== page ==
I am reading, “Eat, Pray, Love.” It is fabulous. Elizabeth Gilbert is an excellent and engaging writer. I had heard wonderful things of this book, and with the movie coming out soon, I figured now would be a good time to read it.
I was intrigued by the book immediately when in the prologue she talks about her travels to India and about the beaded necklaces worn, called japa malas. The necklace is used during meditation, and one bead is touched for each time the mantra is said. There are 108 beads on the necklace, and, “the number 108 is held to be most auspicious, a perfect three-digit multiple of three, its component adding up to nine, which is three threes.” Gilbert separates the book into 108 tales, and divides it into three sections about Italy, India and Indonesia. She notes that there are 36 tales in each section, and that she is writing the book during her 36th year.
She sucked me in. Obviously the number three is very special to me (and any number divisible by three), and I am also in my 36th year. This encouraged me to get my tattoo.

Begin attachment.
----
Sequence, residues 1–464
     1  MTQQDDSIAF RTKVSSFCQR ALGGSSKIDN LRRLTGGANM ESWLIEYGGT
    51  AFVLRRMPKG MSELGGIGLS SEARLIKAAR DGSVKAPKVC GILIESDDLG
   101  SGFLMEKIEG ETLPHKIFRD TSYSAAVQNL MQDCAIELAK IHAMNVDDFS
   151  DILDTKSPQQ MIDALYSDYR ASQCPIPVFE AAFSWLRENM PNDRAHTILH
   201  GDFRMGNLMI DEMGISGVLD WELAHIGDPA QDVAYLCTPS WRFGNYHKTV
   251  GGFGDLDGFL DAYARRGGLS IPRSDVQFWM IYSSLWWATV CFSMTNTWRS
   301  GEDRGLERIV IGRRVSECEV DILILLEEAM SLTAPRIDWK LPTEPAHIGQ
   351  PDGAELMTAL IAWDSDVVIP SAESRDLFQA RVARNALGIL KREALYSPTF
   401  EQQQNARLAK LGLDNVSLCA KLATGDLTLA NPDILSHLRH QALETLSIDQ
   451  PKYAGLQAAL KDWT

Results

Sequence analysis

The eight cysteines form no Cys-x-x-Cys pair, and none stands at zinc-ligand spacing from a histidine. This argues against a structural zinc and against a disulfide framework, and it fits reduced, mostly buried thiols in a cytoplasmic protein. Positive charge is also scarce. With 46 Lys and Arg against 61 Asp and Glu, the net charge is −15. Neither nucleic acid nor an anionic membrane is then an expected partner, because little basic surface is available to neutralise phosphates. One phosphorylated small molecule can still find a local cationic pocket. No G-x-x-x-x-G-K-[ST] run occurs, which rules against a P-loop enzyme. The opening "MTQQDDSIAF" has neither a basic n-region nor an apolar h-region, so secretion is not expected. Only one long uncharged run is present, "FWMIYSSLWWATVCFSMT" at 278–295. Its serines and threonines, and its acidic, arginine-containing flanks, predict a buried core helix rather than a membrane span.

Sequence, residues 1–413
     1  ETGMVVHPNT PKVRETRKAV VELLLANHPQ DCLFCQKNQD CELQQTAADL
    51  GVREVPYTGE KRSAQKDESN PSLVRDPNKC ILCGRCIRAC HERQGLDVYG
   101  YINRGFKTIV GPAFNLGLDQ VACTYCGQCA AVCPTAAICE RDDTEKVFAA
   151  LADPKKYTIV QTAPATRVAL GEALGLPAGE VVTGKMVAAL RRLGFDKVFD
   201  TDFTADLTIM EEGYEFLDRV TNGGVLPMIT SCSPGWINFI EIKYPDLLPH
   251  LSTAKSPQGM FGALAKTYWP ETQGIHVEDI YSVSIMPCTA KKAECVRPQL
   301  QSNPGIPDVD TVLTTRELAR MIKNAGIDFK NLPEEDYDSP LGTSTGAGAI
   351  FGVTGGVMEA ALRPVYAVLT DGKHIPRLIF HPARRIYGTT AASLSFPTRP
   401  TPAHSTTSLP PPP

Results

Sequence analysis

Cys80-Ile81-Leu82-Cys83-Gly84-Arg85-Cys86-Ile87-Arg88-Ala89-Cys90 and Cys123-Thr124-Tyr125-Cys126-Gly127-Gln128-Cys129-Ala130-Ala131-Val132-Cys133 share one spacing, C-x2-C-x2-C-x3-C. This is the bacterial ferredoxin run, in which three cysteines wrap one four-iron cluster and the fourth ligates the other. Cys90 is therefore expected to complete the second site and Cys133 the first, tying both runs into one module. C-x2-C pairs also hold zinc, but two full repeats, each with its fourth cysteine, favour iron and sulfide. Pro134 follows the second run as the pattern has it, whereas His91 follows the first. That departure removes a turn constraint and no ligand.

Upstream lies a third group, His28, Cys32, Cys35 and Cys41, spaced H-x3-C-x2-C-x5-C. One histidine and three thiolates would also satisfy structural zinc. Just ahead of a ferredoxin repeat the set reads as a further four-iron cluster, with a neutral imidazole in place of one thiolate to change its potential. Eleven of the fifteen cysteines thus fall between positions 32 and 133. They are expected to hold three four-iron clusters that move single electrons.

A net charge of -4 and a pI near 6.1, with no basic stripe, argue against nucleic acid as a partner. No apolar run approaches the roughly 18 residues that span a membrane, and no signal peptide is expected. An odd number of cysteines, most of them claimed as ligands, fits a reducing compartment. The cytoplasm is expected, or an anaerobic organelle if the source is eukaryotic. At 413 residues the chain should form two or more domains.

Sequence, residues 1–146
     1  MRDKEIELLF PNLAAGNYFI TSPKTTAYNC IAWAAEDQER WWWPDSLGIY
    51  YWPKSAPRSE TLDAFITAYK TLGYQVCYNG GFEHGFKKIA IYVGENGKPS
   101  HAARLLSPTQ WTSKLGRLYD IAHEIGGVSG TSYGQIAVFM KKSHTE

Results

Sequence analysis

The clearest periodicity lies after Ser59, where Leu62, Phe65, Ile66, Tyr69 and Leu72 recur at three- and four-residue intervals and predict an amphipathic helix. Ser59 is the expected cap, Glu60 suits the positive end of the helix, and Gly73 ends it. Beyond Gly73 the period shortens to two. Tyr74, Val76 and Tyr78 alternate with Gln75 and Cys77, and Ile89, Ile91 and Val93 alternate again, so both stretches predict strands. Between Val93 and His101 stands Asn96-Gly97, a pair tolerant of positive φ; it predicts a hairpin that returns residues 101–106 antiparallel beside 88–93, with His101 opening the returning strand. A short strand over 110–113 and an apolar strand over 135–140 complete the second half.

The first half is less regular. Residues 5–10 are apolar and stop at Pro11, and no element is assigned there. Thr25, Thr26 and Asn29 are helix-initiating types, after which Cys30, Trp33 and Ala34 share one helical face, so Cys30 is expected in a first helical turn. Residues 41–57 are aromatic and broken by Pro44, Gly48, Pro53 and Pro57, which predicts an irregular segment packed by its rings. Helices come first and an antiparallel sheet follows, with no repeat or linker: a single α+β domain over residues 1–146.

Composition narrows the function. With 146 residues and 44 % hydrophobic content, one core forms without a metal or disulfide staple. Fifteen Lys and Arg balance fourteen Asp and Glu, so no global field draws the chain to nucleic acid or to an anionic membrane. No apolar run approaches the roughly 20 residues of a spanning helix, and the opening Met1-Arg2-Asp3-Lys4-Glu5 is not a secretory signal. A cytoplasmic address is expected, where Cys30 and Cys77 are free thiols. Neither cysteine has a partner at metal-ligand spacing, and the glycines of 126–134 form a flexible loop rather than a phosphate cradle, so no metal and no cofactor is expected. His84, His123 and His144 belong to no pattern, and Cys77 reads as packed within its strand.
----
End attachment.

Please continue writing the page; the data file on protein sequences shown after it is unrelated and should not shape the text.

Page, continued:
So far the book has been awesome. I just read this passage, and it hit home with me. Like Gilbert, I have an over-active mind, which is not a lot of fun at night when I turn out my light and want to go to sleep. I thought her description of the over-active mind was spot-on and worth sharing:
“Like most humanoids, I am burdened with what the Buddhists call the “monkey mind” -the thoughts that swing from limb to limb, stopping themselves only to scratch, spit and howl. From the distant past to the unknowable future, my mood swings wildly through time, touching on dozens of ideas a minute, unharnessed and undisciplined. This in itself is not necessarily a problem; the problem is the emotional attachment that goes along with the thinking. Happy thoughts make me happy, but-whoop!-how quickly I swing again into obsessive worry, blowing the mood; and then it’s the remembrance of an angry moment and I start to get hot and pissed off all over again; and then my mind decides it might be a good time to start feeling sorry for itself, and loneliness follows promptly. You are, after all, what you think. Your emotions are the slaves to your thoughts, and you are the slave to your emotions.”